Over the Golden Week holiday and beyond I was very lucky to be joined here by my father. Being the staunch Englishman that he is, I was unsure how he would take to eating sushi instead of pork pies and soy sauce instead of mint sauce. He seemed to really like the food here though, which came as a pleasant surprise to me. He still decided to order chips with everything.
As he was here I took the opportunity to go to Hiroshima and Kyoto on the Shinkansen, it wasn’t a cheap trip but you only live once. Hiroshima was a real eye opener for me, it’s such an amazing place simply for the fact it is a normal city. The peace museum there was perhaps the most depressing 2 hours I’ve had in a long time but I implore everyone reading this to go sometime. Nasty, nasty things happened to those people but it is an interesting experience to learn more about it.
In Kyoto I noticed that nearly every single temple I went to had been burnt down by fire at some point, the people living there should really be more careful with matches. The journey to and from these cities was an odd one. Travelling by Shinkansen is perhaps more like a plane trip than train travel, except with more leg room. Perhaps that’s why my dad enjoyed it so much… I remember the joyful expression he gave me when I told him that “aeroplane” is “hikoki” is Japanese. Suddenly our surname made sense to him.
Anyway I’m going to leave you with a poem that my dad wrote on a postcard about his experiences in Japan, I was super impressed:
Tokyo is a huge city,
busy, vibrant and clean.
But when the building begins to sway
you wish you had never been.
Hiroshima is all quite new
for reasons you ought to know
Kyoto is full of temples and shrines
built long, long ago.
But best of all is the Shinkansen
rocketing along its tracks.
It’s very fast, frequent and on time.
If British railways were half as good
no one would ever be late.
But always at the back of one’s mind,
there’s that moving tectonic plate
Recently the weather here has been a bit random, raining one minute, boiling hot sunshine the next. So there I was sweltering in my coat, struggling to get to work, sweat pouring off my brow and then I heard a ringing: “Ding Dong De Ding Dong” (to the tune of ‘O Sole Mio‘, obviously).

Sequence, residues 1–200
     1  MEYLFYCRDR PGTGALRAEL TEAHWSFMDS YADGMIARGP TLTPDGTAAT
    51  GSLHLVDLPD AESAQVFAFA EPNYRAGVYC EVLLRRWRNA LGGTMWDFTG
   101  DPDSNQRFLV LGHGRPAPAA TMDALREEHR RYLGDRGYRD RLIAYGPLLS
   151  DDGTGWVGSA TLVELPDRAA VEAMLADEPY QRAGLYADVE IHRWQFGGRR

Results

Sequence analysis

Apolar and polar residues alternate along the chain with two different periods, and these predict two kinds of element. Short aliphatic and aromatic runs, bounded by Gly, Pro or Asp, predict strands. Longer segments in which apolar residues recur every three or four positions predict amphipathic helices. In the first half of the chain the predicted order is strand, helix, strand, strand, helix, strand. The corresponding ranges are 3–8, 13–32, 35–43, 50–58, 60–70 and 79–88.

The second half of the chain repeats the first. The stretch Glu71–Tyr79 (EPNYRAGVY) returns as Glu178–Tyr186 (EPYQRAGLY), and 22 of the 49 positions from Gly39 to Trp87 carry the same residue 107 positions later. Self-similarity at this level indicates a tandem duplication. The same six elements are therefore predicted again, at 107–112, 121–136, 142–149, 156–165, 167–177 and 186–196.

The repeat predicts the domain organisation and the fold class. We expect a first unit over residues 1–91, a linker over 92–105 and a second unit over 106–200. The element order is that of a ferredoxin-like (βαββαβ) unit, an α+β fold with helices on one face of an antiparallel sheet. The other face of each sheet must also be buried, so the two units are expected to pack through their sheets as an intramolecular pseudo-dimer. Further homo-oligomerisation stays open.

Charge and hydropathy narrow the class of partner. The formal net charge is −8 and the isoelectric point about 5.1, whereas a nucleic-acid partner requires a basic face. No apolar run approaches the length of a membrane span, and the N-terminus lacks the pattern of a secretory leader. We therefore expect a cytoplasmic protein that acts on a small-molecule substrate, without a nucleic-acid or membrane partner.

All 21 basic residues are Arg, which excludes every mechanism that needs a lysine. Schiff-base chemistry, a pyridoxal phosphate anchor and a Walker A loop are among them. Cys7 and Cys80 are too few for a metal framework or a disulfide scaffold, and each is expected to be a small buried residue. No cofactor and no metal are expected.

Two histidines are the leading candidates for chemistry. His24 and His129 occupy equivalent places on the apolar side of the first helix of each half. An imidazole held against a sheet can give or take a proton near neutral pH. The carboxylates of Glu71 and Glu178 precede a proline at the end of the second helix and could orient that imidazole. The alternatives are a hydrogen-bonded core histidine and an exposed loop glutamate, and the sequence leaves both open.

“Ice Cream!”, I thought, “Just what I need to cool down!”
So I ran round the corner, down the road, following the sound. I felt like a kid again, remember those days? Hearing the ringing from a few streets away, hoping that you would be able to get your pennies from mum before the van goes past.
A moment later, I snapped out of my childhood nostalgia, the jingle was deafening by this point but I could not see any ice cream van. There was however a strong smell of petrol in the air and to my disgust and surprise I realised where the music was emanating from…
It was a bloody mobile petrol tank thing! There someone was, just in front of me, gleefully filling up a jerry can while having his ear drums shattered by the sound of bad and stupidly loud music. My brain really can’t comprehend why they use the tunes which once caused British children to run onto the street with delight, to sell planet destroying petrol. Where is the logic?
A friend who recently arrived in Japan asked me where he could get a haircut in this country the other day. This was a great excuse to tell him about QB House. The QB House is an interesting idea, it reduces the complication of getting a haircut to the same level as visiting your local supermarket’s delicatessen counter. You walk in, put your 1000 yen note in the slot, take your numbered ticket and then wait for your number to be called. While you wait you must remember to ask for a haircut and not a gammon steak.
It’s the moment you are called up for a haircut that, for a foreigner at least, problems arise. As my Japanese language skill is beginner level at best I have no idea how to ask for the type of hair cut I want. All I usually do is point at my hair, shape my hand like a pair of scissors and say “Snip, snip onigai shimasu”. The fact that I feel like a right idiot doing this is not helped by the look the hairdresser usually gives me afterwards, contempt would be a good way to describe it. This action does the job though and he generally realises what I want after a few confused half Japanese, half English ramblings.
I once heard that public speaking was generally considered to be a person’s biggest fear, but personally I think getting a haircut can easily match it. A least with public speaking it will all be over quite soon, get a bad haircut and you could be stuck with it for months! So why oh why do no language textbooks have a chapter in them entitled “Getting a Haircut”. In all my years of teaching (yes all one of them) I have yet to come across anything like this. Having a haircut is stressful enough normally but the stress can be magnified many times if you can’t even say what you are after.
I’m sure that a chapter in a language textbook, or maybe even a handy pull out pamphlet, with translations for phrases such as “A short back and sides”, “Just a trim” or even “Grade three” would be incredibly useful and maybe even turn the book into a million seller.
It’s all very good to be able to say “The book is on the table”, but it really doesn’t help me get the hair cut I want!